On a previous occasion at the same site, we had found a Pycnopodia that had ingested a whole rat. We assumed the rat had been dead in the water rather than that the starfish had gone on walkabout up in the rocks. This huge sea star really seems at the top of the intertidal Puget Sound food chain!

Dennis Paulson

Tuesday, December 13, 2011


One of the more spectacular natural phenomena of the Pacific Northwest is the annual spawning of five species of Pacific salmon (Oncorhynchus).

The Harrison River is one of the major tributaries of the Fraser River in southwestern British Columbia. Every fall my wife and I make a pilgrimage to the Harrison to see this phenomenon. The salmon are spectacular to watch, although we see very little actual spawning, just the great number of fish, both alive and dead. The dead ones have presumably spawned, as Pacific salmon spawn only once in their life and then die.

The attribute of breeding only once is called semelparity, and it is more typical of organisms that live only one year, usually called "annuals." There are many annual plants among our wild flowers and quite a few annual animals as well, mostly small ones. Hatch or sprout, grow rapidly, breed. and die are the usual course of events for an annual animal or plant.

Pacific salmon, on the other hand, have a fairly complex life cycle. They hatch in fresh water, where they may spend up to a few years, then move into the marine environment, where over an additional few years those that survive grow large and strong, prepared to come back to the river system and the very stream where they were hatched. They swim upriver some distance, spawn, and then die. That's what all those salmon are doing in the Harrison River.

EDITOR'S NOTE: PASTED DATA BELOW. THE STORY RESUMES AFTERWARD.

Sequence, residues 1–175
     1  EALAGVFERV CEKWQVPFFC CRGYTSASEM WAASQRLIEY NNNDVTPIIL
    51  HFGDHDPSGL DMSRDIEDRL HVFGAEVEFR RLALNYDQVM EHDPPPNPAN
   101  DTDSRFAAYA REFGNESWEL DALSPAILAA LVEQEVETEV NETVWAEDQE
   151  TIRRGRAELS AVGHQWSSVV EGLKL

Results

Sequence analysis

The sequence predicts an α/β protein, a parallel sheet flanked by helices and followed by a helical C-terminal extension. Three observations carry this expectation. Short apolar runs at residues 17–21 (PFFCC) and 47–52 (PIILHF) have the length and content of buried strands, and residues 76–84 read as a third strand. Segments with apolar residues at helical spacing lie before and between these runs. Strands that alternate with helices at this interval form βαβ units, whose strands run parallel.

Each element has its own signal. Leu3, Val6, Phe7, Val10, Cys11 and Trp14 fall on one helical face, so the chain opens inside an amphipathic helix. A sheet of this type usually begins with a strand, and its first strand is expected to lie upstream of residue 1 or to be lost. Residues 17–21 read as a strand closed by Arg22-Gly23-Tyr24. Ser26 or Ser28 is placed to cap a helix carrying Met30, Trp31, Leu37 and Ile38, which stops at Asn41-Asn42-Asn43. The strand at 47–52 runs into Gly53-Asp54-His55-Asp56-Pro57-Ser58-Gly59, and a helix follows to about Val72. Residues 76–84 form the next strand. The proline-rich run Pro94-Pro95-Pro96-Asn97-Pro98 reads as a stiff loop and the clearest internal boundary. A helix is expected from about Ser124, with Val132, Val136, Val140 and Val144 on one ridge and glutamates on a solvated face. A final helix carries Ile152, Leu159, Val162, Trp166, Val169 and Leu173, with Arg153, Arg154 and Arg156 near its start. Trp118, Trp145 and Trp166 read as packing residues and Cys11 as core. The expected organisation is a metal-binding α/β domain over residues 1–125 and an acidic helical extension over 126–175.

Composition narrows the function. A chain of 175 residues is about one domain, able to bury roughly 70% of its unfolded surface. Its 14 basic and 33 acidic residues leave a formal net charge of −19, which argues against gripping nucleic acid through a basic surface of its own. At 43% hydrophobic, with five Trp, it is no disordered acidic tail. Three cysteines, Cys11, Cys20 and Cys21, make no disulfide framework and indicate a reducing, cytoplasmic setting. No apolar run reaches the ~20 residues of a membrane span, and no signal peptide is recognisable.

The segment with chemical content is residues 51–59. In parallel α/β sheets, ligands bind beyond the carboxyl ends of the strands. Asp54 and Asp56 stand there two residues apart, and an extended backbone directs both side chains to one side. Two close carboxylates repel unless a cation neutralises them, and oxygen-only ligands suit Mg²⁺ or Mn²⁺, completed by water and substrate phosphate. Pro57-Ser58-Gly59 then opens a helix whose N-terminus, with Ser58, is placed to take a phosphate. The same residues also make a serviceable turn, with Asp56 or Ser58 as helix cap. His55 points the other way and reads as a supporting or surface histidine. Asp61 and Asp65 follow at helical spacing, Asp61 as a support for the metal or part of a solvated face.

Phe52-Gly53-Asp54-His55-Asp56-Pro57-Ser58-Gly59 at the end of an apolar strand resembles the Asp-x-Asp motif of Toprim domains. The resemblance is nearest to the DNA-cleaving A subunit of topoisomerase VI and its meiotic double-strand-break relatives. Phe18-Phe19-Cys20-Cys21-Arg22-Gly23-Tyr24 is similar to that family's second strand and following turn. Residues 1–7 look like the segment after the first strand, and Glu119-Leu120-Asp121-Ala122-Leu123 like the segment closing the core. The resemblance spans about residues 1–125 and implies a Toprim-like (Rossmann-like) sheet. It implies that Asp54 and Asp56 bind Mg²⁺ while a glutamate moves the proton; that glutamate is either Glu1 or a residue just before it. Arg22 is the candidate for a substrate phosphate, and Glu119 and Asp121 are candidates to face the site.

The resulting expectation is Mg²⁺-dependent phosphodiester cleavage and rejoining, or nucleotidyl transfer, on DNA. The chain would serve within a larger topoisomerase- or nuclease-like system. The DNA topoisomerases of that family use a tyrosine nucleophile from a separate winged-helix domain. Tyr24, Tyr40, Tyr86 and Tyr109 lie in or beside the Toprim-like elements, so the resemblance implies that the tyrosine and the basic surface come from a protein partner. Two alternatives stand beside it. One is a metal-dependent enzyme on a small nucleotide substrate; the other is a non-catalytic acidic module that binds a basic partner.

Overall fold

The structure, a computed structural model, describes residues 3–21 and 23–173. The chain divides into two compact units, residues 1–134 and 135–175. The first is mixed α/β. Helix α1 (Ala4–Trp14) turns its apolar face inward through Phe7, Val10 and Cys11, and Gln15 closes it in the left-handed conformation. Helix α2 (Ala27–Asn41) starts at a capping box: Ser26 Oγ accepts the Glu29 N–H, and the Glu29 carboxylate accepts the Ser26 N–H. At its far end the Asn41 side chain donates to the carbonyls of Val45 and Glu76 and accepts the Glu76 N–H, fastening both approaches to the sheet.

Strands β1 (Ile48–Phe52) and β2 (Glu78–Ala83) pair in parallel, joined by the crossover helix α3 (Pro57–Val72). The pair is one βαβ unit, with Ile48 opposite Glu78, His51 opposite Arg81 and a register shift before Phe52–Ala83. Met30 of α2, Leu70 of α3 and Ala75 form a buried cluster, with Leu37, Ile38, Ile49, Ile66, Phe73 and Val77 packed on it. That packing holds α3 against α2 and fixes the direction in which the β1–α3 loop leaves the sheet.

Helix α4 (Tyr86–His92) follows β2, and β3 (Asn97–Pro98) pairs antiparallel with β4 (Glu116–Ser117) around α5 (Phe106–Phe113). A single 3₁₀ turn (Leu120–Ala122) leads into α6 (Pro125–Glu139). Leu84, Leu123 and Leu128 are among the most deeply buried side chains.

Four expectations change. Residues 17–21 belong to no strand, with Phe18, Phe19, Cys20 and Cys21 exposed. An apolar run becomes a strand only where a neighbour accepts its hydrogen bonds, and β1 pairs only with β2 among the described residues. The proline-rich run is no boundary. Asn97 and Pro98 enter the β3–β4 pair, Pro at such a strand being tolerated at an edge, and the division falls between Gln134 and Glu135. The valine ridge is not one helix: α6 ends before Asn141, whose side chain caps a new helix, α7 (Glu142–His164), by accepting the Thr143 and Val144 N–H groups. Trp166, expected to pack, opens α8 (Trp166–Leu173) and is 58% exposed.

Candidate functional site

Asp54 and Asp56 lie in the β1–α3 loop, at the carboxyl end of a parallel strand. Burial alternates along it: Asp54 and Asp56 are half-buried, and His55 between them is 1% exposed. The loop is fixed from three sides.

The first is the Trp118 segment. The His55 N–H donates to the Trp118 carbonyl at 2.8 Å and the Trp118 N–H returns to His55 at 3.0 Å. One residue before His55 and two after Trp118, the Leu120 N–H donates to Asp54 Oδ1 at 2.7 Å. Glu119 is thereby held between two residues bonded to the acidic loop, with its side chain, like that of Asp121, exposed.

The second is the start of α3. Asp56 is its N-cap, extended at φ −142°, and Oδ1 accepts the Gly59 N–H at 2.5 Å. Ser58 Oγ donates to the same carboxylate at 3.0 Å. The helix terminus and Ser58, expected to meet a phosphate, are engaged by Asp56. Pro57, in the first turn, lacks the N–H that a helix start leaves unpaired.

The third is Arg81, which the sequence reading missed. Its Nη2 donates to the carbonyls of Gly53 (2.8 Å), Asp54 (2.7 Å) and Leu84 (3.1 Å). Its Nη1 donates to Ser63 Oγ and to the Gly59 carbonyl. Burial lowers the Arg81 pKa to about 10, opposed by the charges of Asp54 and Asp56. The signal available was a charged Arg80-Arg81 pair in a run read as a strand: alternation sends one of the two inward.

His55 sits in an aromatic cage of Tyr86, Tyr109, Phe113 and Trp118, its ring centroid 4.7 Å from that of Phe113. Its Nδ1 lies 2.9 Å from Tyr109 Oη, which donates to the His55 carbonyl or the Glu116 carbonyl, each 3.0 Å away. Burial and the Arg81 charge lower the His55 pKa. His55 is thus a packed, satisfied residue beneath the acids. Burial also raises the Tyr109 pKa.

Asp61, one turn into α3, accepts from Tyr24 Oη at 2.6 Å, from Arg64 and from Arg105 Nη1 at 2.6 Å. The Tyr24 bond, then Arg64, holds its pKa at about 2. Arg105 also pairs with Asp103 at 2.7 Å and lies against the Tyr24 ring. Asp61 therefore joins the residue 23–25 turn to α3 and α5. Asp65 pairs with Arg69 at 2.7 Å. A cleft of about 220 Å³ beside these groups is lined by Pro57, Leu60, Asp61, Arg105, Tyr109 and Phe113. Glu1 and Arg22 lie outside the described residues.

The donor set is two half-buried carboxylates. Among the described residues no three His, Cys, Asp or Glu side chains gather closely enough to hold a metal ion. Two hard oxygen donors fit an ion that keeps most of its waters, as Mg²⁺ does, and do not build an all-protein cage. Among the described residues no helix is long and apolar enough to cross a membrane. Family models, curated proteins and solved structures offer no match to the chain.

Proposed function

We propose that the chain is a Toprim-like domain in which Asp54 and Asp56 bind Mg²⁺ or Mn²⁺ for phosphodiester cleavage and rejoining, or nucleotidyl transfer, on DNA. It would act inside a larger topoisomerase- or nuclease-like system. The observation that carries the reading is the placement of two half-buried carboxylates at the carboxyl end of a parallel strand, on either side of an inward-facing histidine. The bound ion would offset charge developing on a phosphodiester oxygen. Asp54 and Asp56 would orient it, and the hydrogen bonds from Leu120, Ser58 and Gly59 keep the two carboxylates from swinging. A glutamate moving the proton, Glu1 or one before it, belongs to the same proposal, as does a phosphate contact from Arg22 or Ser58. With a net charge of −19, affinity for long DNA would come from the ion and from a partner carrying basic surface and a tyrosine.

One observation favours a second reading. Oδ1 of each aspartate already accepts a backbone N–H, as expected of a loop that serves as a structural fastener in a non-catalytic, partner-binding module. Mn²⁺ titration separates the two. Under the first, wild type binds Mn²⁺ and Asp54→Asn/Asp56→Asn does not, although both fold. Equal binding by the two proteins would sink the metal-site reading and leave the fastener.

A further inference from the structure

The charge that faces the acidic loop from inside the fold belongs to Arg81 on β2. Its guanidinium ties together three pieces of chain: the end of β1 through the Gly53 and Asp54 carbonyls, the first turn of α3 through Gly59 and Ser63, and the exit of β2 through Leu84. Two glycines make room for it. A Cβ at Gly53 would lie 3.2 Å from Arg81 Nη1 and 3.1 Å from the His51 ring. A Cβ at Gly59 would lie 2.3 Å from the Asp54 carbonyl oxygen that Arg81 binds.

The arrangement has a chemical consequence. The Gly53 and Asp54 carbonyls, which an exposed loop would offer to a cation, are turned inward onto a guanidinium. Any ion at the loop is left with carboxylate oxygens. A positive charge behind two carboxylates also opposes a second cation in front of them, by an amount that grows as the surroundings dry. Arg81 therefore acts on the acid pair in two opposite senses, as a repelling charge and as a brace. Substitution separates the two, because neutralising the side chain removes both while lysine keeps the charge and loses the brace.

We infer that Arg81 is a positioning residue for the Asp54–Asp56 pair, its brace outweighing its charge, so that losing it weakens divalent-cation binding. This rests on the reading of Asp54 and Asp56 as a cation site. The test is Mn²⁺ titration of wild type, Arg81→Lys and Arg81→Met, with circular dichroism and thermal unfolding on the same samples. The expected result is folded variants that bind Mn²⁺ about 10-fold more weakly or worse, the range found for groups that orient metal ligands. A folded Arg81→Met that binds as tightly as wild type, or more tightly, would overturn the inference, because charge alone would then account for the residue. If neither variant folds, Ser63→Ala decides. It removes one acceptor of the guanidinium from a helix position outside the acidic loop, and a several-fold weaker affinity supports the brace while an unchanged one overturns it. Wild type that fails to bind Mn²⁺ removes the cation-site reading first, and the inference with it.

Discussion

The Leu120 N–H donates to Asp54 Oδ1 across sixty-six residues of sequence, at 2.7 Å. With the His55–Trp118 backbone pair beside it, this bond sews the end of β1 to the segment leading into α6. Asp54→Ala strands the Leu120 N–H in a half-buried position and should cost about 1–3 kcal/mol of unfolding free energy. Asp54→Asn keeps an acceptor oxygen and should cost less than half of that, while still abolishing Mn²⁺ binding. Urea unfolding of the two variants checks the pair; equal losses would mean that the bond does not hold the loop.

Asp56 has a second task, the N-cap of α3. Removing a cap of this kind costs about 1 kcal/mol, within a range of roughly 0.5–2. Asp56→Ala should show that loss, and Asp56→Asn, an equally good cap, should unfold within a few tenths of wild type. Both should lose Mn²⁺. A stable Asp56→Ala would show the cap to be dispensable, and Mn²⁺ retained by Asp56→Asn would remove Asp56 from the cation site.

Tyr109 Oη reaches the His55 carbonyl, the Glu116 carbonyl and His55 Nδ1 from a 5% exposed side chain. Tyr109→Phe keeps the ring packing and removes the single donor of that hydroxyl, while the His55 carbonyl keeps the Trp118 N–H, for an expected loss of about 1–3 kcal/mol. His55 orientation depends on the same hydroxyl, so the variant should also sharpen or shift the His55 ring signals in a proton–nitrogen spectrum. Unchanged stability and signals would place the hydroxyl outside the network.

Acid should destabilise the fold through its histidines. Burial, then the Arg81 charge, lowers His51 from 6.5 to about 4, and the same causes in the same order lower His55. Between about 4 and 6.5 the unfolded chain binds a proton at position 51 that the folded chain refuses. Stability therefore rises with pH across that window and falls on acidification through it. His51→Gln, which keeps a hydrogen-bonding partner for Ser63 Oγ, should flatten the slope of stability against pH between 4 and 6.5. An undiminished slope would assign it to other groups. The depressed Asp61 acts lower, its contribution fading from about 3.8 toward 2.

Some of them are there because of human activities. Hatcheries on tributaries of the Harrison raise the young fish in tanks, where they are protected from predators, then release them when they are ready to travel downstream. When they come back as breeding adults, they are captured and bred artificially by applying sperm extracted from the males to eggs extracted from the females, and the cycle begins again.

The Harrison River system has many thousands of fish of four salmon species—chinook (O. tshawytscha), coho (O. kisutch), chum (O. keta) and sockeye (O. nerka). You'll notice the scientific names from Russian; all of our species occur as well on the other side of the Pacific Ocean.

When very large runs are in the river system, especially from October to December, the dead and dying fish support great populations of predators and scavengers. Among them are gulls, crows, ravens, and—most notably—Bald Eagles.

Eagles come to the Harrison in the late fall by the thousands. I have estimated as many as 500 visible from one spot, although that was a rare sighting. More likely, a visitor who stops at several places along the river may see a few hundred birds, sometimes a dozen roosting in the same tree or a hundred spread out over the river flat.

Interactions among the birds are commonplace and make the experience a memorable one. The whistled calls of the eagles, the flowing river, the conifer background, and, if you're lucky, the blue sky, all make the experience a memorable one. The smell of rotting salmon carcasses adds an extra dimension not available on all nature trips.

Dennis Paulson